The white paper for the first time ever devised a way to maintain the single source of truth, but decoupling it from the single point of failure. It did this by laying out three rules. The first, rather than only one person having a copy of the record, many people can as well.In fact, anyone who wants to can have a copy of the record. Second, rather than only updating your own record book, you come together with all of the other record holders and agree collectively on what the current state of the world should be, and modify your books at the same time. And thirdly, rather than maintain the record book in pencil you must do so in pen. Now, this is a metaphor. But ultimately what this translates to is the centralization of the ledger consensus underpinning every transaction and immutability meaning that you cannot go back in the past and modify existing transactions.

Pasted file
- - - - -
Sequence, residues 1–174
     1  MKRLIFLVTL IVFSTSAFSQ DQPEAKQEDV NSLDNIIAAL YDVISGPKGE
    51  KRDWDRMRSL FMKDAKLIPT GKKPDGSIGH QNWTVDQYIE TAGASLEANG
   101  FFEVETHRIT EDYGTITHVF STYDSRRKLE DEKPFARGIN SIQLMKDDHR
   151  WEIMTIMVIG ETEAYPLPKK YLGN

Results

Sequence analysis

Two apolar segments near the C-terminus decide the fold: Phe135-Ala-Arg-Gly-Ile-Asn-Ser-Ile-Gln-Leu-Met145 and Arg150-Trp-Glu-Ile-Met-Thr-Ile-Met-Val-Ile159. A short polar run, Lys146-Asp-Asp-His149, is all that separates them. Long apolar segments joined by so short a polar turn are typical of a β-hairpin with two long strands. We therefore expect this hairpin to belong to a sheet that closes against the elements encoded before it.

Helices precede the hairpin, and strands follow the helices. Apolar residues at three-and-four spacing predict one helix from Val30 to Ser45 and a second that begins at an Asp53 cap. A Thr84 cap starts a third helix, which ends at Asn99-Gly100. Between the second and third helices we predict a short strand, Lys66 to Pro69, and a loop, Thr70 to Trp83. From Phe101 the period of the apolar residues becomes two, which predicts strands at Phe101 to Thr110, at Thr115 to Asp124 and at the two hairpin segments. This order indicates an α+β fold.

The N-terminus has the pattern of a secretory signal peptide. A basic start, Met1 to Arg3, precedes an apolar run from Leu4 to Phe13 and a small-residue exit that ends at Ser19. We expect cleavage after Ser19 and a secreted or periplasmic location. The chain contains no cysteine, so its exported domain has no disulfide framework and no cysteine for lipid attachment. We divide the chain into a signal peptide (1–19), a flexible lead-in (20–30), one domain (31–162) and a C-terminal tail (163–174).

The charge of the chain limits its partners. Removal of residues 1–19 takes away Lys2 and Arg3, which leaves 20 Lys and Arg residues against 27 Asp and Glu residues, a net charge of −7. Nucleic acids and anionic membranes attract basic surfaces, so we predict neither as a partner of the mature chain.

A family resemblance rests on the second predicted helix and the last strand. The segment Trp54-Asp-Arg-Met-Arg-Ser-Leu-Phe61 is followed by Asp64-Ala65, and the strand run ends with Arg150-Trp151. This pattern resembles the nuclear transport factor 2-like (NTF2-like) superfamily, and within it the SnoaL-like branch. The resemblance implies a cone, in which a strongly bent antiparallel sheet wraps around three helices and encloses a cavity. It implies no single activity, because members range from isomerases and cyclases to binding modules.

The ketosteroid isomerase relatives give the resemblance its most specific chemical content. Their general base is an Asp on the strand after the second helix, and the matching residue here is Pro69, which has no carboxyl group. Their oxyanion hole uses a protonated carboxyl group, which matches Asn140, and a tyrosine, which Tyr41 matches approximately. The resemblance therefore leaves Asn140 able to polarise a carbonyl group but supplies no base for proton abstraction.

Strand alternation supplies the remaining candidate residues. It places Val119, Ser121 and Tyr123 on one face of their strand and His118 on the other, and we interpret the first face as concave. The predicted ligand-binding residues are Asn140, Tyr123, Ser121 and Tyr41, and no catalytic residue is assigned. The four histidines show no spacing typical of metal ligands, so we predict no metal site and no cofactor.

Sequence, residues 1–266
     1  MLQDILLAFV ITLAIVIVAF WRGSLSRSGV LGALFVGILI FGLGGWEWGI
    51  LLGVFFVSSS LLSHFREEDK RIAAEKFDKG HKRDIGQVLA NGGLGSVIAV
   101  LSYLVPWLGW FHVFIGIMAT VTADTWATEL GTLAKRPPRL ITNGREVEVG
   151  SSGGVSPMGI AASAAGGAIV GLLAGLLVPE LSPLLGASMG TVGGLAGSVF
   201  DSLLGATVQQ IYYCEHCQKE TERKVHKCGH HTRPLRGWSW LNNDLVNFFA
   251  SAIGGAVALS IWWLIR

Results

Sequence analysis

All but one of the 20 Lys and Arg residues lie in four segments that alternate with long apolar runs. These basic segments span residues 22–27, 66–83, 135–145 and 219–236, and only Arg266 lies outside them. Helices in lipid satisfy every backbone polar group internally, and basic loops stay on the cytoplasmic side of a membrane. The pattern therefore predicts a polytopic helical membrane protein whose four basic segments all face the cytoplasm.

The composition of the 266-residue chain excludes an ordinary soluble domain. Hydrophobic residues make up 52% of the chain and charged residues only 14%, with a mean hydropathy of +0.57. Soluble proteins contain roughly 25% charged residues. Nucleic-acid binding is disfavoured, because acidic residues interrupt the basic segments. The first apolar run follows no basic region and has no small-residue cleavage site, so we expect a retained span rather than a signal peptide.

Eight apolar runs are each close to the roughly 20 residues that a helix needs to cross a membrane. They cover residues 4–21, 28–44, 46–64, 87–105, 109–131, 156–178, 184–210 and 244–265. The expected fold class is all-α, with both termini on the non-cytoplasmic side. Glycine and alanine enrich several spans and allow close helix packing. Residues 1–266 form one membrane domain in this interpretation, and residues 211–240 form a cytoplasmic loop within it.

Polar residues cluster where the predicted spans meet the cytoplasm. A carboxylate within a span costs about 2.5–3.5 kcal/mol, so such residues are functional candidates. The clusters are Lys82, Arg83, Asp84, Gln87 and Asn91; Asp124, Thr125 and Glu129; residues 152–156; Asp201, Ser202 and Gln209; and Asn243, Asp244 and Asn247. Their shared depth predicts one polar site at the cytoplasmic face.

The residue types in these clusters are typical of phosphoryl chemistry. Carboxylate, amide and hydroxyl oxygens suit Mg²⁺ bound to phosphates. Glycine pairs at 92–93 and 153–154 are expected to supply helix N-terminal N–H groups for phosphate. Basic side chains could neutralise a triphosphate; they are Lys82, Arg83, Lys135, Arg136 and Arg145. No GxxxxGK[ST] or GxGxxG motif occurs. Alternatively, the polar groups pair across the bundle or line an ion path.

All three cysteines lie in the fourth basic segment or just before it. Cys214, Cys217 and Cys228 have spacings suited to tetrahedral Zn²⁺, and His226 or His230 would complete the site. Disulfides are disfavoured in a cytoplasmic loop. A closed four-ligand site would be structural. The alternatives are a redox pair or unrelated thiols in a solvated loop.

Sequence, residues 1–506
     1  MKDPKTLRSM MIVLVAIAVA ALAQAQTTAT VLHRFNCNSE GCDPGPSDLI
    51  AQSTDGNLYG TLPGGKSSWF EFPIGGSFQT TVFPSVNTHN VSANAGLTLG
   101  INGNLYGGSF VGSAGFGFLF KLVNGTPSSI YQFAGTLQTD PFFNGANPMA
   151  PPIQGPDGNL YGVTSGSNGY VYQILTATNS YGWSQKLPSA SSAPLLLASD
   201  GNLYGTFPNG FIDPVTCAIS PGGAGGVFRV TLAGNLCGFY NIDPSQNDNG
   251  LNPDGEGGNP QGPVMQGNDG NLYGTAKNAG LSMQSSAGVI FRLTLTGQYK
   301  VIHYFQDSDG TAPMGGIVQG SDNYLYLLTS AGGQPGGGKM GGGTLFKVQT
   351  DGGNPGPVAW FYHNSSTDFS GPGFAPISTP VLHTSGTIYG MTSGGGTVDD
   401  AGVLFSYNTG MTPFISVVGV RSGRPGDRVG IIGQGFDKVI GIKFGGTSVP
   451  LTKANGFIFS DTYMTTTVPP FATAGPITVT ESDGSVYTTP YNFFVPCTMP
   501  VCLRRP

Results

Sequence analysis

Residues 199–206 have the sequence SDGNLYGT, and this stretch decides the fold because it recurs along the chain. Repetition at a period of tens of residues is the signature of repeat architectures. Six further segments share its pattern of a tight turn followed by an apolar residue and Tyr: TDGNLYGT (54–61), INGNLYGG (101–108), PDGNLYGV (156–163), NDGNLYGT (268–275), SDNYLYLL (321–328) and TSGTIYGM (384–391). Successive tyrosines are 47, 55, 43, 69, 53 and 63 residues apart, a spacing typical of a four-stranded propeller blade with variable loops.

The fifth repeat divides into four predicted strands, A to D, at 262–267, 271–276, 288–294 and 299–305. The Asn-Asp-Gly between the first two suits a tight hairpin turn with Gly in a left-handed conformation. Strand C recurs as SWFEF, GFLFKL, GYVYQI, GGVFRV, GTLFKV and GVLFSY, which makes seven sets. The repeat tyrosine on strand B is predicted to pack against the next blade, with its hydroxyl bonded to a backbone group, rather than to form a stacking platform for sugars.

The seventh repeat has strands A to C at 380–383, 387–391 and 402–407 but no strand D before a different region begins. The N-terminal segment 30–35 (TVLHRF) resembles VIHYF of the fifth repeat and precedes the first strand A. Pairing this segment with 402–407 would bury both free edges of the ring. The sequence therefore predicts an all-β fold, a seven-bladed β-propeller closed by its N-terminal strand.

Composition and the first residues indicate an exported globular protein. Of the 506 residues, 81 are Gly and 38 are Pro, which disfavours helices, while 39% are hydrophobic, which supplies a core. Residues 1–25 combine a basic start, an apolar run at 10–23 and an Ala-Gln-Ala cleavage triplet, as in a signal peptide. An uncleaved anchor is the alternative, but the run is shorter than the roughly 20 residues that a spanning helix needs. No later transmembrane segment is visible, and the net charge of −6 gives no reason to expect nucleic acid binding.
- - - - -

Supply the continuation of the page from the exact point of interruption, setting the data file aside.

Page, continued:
Okay, that makes sense. But how does this translate the technology? And I mean, what is a blockchain anyway? Before we make that leap, first think of each transaction recorded in the book, as held in a container with a couple of special properties. First, in addition to holding a transaction, each container also holds a pointer to the container that preceded it, if you can imagine that. But this isn't just any pointer. It's a pointer unique to the contents of the former block. Just as a fingerprint is unique to one's DNA. And since each block's contents hold the former block's pointer, each pointer is thus determined by all of the contents that preceded it. You can think of it the same way that once ancestors’ DNAs are encoded in each set of DNA that follows after them. In this way, we chronologically link these special containers, which are actually called blocks, and first create a chain of blocks, hence the term blockchain. For many, this is still a complicated step to make and rightfully so. That's why two years ago for 2018, we built a way for our attendees to learn about blockchain by visualizing it, and even physically interacting with it. Let's take a look.